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I believe wayfair started a made-in-USA section. There are plenty of errors in there though.

I always look for the USA option when purchasing anything. Now noticing lots of flag logos with "engineered in USA," "global parts assembled in USA," and "designed in USA." Smh
 

Rajobigguy

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I believe wayfair started a made-in-USA section. There are plenty of errors in there though.

I always look for the USA option when purchasing anything. Now noticing lots of flag logos with "engineered in USA," "global parts assembled in USA," and "designed in USA." Smh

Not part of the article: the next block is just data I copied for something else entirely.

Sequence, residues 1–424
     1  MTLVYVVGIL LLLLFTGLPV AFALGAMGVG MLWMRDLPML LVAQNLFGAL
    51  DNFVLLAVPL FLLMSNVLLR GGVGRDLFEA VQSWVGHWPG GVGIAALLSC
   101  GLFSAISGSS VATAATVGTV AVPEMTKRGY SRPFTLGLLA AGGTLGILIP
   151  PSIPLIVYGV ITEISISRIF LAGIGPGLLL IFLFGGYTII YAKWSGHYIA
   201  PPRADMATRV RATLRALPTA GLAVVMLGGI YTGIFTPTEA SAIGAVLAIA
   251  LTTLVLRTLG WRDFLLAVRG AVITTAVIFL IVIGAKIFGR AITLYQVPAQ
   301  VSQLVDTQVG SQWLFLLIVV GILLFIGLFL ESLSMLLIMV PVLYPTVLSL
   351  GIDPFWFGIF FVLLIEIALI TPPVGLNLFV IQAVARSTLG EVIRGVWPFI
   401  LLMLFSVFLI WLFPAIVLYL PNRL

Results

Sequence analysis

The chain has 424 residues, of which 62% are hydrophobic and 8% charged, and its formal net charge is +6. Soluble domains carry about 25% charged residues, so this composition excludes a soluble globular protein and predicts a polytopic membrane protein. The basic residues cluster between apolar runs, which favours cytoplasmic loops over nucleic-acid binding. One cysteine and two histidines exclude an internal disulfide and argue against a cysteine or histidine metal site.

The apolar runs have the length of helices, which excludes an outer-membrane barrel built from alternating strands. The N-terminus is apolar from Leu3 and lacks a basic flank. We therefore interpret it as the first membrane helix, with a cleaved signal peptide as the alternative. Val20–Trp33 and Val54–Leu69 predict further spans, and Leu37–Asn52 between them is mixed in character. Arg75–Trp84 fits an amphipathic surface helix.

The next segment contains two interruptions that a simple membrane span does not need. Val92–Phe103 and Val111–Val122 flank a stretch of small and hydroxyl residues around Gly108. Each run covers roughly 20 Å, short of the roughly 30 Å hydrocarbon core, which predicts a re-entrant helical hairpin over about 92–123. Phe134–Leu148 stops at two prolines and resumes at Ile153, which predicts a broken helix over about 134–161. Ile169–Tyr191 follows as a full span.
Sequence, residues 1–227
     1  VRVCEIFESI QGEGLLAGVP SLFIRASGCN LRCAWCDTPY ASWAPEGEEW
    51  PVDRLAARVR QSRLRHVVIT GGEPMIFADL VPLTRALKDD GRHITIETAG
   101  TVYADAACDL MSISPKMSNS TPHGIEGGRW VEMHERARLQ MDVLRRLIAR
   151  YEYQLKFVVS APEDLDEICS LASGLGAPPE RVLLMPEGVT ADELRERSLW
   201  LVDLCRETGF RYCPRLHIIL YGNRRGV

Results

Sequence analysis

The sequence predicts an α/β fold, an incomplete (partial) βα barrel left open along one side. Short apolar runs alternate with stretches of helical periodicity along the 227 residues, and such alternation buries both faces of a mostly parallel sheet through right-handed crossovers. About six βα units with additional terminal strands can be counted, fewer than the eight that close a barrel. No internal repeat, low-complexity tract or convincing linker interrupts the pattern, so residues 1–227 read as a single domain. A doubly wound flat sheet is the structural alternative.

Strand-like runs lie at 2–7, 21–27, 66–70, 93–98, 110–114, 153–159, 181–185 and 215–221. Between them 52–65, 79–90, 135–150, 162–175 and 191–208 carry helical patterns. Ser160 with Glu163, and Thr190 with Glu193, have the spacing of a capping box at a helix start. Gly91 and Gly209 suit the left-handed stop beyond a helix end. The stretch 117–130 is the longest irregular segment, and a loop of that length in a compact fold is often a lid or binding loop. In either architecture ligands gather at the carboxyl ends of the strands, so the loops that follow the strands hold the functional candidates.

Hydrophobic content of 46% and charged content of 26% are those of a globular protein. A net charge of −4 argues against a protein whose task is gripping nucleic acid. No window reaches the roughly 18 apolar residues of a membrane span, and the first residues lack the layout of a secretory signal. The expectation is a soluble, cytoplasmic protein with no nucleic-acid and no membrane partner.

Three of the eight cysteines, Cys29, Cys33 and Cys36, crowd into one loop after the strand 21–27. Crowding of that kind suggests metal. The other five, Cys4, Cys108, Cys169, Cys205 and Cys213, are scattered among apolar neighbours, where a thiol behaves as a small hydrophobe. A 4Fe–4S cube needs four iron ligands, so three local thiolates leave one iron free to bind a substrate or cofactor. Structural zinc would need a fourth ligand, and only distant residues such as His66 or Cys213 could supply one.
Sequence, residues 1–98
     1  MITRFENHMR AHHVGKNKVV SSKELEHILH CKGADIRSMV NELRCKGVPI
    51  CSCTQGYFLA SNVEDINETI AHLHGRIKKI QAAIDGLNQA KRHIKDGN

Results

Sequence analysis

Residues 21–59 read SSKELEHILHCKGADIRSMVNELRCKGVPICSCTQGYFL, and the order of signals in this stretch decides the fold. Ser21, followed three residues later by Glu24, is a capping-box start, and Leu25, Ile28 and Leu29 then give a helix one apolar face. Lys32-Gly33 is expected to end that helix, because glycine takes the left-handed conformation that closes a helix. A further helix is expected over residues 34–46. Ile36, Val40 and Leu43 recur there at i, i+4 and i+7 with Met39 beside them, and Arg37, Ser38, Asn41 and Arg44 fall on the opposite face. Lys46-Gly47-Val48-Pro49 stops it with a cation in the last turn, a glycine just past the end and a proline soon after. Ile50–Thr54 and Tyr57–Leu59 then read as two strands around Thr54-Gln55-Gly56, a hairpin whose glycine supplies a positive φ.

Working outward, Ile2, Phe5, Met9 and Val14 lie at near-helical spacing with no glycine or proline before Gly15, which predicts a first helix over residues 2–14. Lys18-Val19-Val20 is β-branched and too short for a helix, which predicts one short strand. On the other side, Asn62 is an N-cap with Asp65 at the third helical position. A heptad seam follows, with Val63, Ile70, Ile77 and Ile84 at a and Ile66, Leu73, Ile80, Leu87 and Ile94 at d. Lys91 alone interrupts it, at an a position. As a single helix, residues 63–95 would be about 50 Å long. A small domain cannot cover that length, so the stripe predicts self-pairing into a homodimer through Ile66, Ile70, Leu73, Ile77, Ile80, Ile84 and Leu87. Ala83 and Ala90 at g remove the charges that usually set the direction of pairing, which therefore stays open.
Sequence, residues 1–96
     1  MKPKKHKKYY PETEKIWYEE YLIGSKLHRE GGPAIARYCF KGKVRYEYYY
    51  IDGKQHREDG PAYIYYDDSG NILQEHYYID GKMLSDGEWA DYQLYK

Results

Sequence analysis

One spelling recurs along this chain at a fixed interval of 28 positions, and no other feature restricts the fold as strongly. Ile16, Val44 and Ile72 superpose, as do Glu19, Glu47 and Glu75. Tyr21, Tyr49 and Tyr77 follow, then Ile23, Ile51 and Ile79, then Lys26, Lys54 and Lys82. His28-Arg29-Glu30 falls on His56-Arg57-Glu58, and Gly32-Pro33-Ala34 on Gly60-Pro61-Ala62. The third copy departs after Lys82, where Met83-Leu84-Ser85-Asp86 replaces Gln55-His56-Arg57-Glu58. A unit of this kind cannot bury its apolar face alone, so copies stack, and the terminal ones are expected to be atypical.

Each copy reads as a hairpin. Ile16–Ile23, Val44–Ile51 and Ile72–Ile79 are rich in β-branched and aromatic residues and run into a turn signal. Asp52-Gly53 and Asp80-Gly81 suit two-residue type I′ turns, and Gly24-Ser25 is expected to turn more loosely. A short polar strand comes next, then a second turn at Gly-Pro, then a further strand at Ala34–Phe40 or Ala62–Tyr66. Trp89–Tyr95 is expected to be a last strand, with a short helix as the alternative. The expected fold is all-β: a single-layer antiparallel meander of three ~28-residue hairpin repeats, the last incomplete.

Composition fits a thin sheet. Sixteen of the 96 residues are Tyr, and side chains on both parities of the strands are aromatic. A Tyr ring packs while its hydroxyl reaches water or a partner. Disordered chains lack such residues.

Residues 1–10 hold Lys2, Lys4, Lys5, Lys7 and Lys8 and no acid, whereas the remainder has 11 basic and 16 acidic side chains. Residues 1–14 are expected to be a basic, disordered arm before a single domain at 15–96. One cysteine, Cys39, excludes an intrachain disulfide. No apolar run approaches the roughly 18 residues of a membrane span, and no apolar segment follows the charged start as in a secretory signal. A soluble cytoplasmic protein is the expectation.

This is the problem. I think that everything needs to have a label on it that prominently and accurately gives the COO. All these little things that are ambiguous need to go away. Hell even Snap-on tools has changed their wording to "US quality" instead of "Made in the USA". We need to know exactly where things are made and then make a decision if that is something we are OK with outsourcing. I'm fine with global trade to some extent but I hate when American companies try to put on a charade about being truly american based. A good example is tools like IR, they hide the fact that they made overseas while waving the American flag. If you take a IR impact wrench and stack it up next to a H.F. Earthquake you find that they are exactly the same tool. They probably came down the same assembly line while one got the IR logo and the other got the H.F. I'm not going to give IR 4 time as much just for that logo. If they want that kind of money then they need to earn it by keeping American workers employed.